8. Keep all your related boxes grouped together according to the room from which they came, or the room in which they will arrive, and stack them all in the room closest to the door. This will make the movers’ job a lot easier, and will shorten the loading time.
  9. Label the boxes with essential items (items you’ll need immediately upon arrival at your new location) so that they will be available to you right away. Examples of essential items could be: food, medicine, personal hygiene items, emergency items, camping gear, disposable plates and silverware, and tools.
    The first thing you should do is create a “moving” file in which to store all moving-related transactions, receipts, and general information. You should then inventory all of your belongings, regardless of whether you plan to move them yourself, or have a mover relocate them for you. Run this list by your homeowner’s insurance provider, and see what they cover. Then, ask your mover what additional insurance they may have above and beyond what you already have.

Creating your inventory:

  1. Create your 3 categories first, before starting to inventory your belongings (1) items you’re moving (2) items the mover is moving (3) items you’re giving away.
  2. For all the items you want the mover to move, you need to create a list of replacement values to give to your insurance provider. Ask if there are additional stipulations for highly valuable items.
  3. Note which items are difficult to replace, and make plans to carry them personally, or find an alternate way to ship and insure them.
  4. Figure out which of your things you’ll need to use immediately upon arrival at your new location, so you can label them as essentials, and make sure they will be available to you when you need them.

The next step would be to give the mover you chose a list of your inventory which you’d like the mover to handle. The mover will most likely take note of the condition of each item, and attempt to cover the company from pre-existing conditions. On the day of the move the foreman will likely go through your things and inventory them as described above, so you may want to follow him and make sure that everything is fully accounted for and accurately labeled.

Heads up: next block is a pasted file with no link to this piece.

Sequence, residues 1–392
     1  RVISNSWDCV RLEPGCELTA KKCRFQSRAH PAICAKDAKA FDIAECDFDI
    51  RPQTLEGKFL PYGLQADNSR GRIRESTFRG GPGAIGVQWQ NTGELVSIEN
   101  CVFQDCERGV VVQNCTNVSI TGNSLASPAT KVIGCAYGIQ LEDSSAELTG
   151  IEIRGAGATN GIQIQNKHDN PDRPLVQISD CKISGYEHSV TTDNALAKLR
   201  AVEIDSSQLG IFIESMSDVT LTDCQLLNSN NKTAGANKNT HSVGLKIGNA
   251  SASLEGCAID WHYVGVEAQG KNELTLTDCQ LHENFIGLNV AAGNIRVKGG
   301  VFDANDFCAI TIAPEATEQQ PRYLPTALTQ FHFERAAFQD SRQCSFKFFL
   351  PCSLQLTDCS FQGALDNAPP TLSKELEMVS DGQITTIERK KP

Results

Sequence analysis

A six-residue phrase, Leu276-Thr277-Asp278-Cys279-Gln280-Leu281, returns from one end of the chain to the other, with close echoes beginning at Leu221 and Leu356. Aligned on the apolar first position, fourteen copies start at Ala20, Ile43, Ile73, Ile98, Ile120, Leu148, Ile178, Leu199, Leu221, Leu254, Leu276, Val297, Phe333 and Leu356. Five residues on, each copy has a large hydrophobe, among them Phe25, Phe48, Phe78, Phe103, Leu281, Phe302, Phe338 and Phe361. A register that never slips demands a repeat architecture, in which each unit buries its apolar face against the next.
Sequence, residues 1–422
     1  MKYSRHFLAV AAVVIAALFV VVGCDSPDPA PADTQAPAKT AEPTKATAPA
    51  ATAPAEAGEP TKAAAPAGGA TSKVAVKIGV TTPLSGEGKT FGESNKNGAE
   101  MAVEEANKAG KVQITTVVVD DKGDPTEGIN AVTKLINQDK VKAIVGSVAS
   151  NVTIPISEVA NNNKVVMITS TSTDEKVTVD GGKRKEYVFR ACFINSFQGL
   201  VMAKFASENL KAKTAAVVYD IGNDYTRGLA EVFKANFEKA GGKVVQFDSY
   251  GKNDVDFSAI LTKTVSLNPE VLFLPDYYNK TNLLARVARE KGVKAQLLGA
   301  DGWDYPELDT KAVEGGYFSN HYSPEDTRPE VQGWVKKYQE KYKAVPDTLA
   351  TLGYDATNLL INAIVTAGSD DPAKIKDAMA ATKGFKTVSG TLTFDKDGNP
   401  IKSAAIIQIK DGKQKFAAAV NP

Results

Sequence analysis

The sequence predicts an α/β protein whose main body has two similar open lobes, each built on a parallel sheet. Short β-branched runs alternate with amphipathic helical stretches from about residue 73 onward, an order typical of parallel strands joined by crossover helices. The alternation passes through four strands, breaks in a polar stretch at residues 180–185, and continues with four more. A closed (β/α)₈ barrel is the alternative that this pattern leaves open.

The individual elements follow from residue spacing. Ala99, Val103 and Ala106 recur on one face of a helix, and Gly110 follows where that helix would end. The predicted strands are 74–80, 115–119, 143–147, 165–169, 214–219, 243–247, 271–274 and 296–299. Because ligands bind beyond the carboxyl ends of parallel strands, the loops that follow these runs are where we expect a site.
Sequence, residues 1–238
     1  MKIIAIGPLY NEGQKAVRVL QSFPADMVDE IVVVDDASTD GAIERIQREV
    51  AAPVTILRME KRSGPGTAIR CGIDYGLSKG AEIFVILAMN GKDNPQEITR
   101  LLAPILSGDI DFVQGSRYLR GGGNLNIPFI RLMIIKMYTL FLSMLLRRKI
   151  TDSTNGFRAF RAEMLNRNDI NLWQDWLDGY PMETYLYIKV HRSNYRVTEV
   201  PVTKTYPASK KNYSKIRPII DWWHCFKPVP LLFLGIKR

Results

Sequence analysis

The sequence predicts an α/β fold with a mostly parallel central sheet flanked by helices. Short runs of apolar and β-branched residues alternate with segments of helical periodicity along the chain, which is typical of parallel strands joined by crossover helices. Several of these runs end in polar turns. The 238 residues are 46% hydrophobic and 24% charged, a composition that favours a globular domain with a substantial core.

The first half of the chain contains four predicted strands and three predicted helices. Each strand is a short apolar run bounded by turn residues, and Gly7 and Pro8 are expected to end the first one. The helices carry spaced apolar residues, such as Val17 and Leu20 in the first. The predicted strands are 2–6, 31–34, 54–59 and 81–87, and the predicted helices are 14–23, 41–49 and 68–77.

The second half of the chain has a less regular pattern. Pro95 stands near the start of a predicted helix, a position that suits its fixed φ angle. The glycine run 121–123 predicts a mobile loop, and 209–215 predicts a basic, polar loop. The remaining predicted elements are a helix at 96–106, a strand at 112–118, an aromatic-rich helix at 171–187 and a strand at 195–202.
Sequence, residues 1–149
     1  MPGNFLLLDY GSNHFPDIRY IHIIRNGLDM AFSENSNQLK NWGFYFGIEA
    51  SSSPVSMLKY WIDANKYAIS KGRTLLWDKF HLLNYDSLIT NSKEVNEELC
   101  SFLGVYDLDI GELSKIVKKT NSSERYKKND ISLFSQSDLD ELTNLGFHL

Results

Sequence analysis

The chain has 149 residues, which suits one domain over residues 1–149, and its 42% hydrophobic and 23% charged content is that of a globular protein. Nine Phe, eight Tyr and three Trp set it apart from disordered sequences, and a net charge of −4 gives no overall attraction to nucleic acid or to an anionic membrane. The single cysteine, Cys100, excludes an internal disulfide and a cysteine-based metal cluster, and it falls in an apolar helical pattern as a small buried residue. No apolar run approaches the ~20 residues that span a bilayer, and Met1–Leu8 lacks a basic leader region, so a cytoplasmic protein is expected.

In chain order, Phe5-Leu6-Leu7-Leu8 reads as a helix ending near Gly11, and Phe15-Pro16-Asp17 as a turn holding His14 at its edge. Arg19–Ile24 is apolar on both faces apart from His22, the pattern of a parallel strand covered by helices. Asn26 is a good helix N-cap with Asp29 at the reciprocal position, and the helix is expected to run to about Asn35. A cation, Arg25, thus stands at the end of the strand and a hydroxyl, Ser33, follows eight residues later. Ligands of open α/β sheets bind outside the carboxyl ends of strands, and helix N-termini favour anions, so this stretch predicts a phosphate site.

1. Please note that movers are not liable for any items or boxes that you choose to pack yourself, because they can’t verify the contents of these items, and the reliability of the packing methods and materials used to do the job. Nevertheless, your self-packed boxes are still inventoried as part of your shipment, and the visible condition of the items is assessed on a per item basis.
  2. Do not sign anything with which you don’t fully agree, because the inventory taken on the day of the move will be your basis for filing any damage claims after the move is complete.
  3. Make sure the mover provides you with a copy of the inventory, so you can verify that everything arrives safely at your new location.
  4. Be aware that it’s your responsibility to check all the items on the inventory list upon arrival at your new location, and to make note of any damage incurred in transit. If you find evidence of new damage make sure to note it on your copy of the inventory list, and have the driver record the damage on his copy as well.
  5. After your belongings are fully unloaded into your destination, the driver will ask you to sign his inventory list to verify that you received your shipment in good condition. Don’t sign this form until you’re absolutely sure that all of your things have been safely delivered, and that both you and the driver have taken correct notes on any damaged or missing items on your inventory list.